Why can't I say Public Sub DoThis() End Sub in a VB.NET code module?

Experts -

Why can't I say:

Public Sub DoThis()
    blah..
End Sub

 in a VB.NET code module? I get an error that says "Statement is not valid in a Namespace."
gbmcneilAsked:
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gamarrojgqConnect With a Mentor Commented:
Hi,

Yes, you can do it as long as the Sub is inside of the Module, like this

Namespace YOURNAMESPACE
  Module Module1

     Public Sub DoThis()
    End Sub

  End Module
End Namespace
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MedievalWarriorCommented:
Hi,

You have to place your code inside the Module and not the Namespace section
Namespace Bogus

    ' Dont place sub here

    Module Module1
        Public Sub DoThis()

        End Sub
    End Module

End Namespace

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gbmcneilAuthor Commented:
Thanks for responding, gamarrojqq.

Unlike creating a class, VB.NET gives you a bare screen when a Module is created. It doesn't come back and say Public Module Module1. Just a bare screen.

So, you're saying that I should add:

Namespace Namespace1            (not "Public Namespace Namespace1")

and

Module Module1                           (not "Public Module Module1")

I guess they all would have to be assumed to be "Public" because what the heck could you do with it if it were "Private"?

Also, where does the Namespace come in? Do all miscellaneous functions and procedures go in the same Namespace. I'm just loaded with questions.
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gamarrojgqCommented:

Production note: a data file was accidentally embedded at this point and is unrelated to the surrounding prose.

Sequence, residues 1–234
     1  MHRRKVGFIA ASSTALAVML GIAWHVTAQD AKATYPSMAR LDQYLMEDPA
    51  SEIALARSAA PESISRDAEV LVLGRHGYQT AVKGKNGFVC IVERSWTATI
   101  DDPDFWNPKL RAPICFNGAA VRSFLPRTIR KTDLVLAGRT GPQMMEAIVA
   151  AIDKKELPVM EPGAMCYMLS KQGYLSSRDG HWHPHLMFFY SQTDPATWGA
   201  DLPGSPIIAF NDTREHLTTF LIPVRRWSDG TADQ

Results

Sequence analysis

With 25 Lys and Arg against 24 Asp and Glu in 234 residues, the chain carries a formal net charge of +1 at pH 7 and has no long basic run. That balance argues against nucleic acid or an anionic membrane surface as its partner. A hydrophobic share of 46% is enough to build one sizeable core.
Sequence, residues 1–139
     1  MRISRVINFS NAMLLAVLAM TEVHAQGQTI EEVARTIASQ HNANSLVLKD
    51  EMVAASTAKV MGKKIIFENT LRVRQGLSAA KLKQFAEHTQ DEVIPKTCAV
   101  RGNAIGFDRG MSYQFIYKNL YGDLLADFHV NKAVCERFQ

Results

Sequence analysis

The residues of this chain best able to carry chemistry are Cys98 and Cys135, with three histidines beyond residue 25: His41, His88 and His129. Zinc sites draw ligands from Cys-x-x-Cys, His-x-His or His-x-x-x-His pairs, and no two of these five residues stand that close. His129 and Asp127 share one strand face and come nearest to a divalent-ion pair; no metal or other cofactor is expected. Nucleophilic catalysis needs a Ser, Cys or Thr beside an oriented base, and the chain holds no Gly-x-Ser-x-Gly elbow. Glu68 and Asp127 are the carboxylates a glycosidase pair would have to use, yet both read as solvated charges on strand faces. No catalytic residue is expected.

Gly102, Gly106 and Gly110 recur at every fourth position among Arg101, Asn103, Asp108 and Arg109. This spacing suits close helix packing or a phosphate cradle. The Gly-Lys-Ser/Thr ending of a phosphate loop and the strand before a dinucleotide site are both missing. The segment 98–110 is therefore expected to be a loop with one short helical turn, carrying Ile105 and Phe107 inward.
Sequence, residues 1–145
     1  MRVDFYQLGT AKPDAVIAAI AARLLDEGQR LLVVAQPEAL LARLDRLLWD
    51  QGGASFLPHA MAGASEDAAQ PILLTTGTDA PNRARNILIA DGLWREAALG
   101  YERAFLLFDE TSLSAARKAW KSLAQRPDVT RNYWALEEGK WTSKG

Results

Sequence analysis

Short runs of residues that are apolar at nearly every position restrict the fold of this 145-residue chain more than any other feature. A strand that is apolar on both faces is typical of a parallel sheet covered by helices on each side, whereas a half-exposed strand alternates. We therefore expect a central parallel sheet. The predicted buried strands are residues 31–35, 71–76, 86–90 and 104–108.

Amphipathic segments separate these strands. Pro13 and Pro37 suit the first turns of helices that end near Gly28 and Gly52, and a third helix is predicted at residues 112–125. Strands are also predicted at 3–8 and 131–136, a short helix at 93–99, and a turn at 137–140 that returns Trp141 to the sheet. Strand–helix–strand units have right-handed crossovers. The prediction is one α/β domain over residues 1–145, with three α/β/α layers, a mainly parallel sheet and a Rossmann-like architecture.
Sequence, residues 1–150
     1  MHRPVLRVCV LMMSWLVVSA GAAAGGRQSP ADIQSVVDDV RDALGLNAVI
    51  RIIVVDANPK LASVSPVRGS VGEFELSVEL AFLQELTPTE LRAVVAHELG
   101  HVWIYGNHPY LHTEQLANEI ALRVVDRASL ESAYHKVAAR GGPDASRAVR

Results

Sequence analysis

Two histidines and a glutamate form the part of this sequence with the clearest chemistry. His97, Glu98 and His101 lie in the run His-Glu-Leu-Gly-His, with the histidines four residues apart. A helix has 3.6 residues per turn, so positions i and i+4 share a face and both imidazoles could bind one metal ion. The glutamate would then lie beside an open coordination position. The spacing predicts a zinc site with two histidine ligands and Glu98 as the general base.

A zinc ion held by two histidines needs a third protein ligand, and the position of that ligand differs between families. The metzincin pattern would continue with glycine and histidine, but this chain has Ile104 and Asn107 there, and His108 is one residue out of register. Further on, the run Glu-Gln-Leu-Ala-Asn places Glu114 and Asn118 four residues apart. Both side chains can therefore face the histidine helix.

Yes, you should add the namespace, and yes  Modules are PUBLIC and do not need to add PUBLIC to declare them

Namespaces are using to group your classes so when you compile your Assembly do not crash with another Assambly, so many people can have an Assenbley with a class named MyModule for example, but not many will have the same namespace, so this

Namespace GAMARROJGQ

 Module MyModule
 End Module

End Namespace

Will allow me to call my Moduloe like this   GAMARROJGQ.MyModule, so it do not match any other MyModule that could be in my PC.

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gbmcneilAuthor Commented:
Always the renagade, I did the following and it run perfectly in debug mode.

Public Module Module1

       Public Sub DoThis ()
              blah...
       End Sub

End Module

Now, run that by me again. What am I losing by not defining a Namespace?

Are you saying that Namespaces support development of executables by more than one programmer?
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gbmcneilAuthor Commented:
If so, does that mean that every Plublic Class Class1 and every Public Form Form1 should be associated with a Namespace (i.e., should have a Namespace defined at the very top of their respective code files)?
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gamarrojgqCommented:
Yes, Namespaces are optionals, but  if you plan to deploy a Class Library Project (DLL) in a more formal/professional way, you should definitively use them.

Look at this link

http://visualbasic.about.com/od/usingvbnet/a/nmspc.htm
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gbmcneilAuthor Commented:
Thanks very much for your help. I will become an expert myself soon.
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